The last day that I and my fellow House colleagues set foot in the House Chamber was Friday, March 13. Since then, for over three months, the 150-member House has conducted business from our homes with Speaker of the House Mitzi Johnson insisting we continue to wear proper business attire while Zooming, which for me meant a jacket and tie.
It didn’t take long for the COVID-19 pandemic issues to take top priority. Vermont’s allotment from the Federal CARES Act was $1.25 billion, all of which must be spent by the end of the year and be used exclusively for relief from pandemic losses. Over the past three months, we managed to move nearly $1 billion worth of Corona Relief Funds to Vermont communities, including over $235 million for businesses, farms, and nonprofits who have suffered significant losses. The combined $1 billion investment is the largest Emergency Recovery Program ever passed by the Vermont Legislature.
Eighty-five million dollars will be direct aid to Vermonters. It includes $5 million for foreclosure protection; $25 million for eviction protection; $38 million for rehousing initiatives and housing grants. The Vermont Foodbank receives $4.7 million, while summer meals programs get $12 million. Millions more will shore up schools, childcare, parent child centers, and our health care system. Monies will also support our farms, working lands, state colleges, and UVM.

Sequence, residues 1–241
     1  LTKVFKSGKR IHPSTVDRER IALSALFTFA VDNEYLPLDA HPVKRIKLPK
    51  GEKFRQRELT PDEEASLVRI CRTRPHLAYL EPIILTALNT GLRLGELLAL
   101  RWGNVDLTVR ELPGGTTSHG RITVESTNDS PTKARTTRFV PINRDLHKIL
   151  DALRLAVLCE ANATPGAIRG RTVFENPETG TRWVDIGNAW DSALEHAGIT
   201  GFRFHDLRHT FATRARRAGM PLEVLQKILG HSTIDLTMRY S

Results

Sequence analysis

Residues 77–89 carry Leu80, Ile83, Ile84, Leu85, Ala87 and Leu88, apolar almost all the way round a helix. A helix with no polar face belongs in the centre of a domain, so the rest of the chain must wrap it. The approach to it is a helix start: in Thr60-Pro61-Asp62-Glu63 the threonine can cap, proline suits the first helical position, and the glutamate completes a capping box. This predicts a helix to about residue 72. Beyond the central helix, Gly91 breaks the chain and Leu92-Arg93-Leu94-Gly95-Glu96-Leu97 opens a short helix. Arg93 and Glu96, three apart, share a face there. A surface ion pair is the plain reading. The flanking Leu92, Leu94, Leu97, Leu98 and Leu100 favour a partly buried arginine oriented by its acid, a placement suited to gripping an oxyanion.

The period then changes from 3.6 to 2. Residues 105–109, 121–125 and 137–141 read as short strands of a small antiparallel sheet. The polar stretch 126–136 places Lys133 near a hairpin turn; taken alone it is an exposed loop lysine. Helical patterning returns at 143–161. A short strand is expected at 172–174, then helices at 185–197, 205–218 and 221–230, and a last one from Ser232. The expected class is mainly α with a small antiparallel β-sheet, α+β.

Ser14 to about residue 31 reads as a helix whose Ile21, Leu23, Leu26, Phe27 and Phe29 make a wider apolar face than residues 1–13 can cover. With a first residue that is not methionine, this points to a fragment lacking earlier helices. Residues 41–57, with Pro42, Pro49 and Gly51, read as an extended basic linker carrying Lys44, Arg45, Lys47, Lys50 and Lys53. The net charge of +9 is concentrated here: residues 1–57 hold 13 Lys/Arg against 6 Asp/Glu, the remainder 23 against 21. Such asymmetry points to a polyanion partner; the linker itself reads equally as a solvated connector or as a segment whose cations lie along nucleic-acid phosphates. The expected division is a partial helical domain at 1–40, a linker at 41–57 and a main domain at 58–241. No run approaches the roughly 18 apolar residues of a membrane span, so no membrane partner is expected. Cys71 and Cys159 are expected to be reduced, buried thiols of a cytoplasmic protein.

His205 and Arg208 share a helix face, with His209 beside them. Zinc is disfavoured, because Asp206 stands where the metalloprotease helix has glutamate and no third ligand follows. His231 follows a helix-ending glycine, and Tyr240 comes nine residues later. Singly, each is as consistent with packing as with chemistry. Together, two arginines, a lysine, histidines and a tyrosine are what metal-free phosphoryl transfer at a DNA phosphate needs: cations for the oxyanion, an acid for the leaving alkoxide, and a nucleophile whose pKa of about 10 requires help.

The House also approved a Senate bill that would make it easier for those in high-risk jobs to get workers’ compensation. And we also took action to establish a Vote-by-Mail system for the November General Election.
Not all of the House’s activities were directly related to the COVID-19 pandemic. H.955, the Capital bill, will be a $60 million stimulus for the construction and trades industry as we begin to restart the economy.
And in our last week of the session, we unanimously supported a bill that would ban police from using choke holds and mandate all state troopers to wear body cameras, while committing us to start dismantling systemic and structural racism.
One other bill that had to be passed by the House before we recessed was the budget for the first financial quarter of 2021. The Q1 budget’s purpose is to keep the basics of government functioning through the first quarter, which runs from July 1 through Sept. 30, 2020. It will finance the Education Fund at 100% and also appropriate $50 million from the CRF to cover pandemic costs for pre-kindergarten through grade 12.
But while we have recessed, we are not adjourned. We are scheduled to return Aug. 25 after we have a more complete picture of where the state’s finances and potential federal assistance stand. Hopefully in August, we will be in a better position to build a full year budget for FY-2021 and appropriate the remaining $250 million of the $1.25 billion CARES Act allotment. But make no mistake, it will require pulling back fiscally, resulting in substantial reductions.
Please reach out to me if you need support connecting to relief resources or have any questions or feedback. I can be reached at email@example.com or firstname.lastname@example.org.
Rep. Tom Bock
Andover, Baltimore, Chester and N. Springfield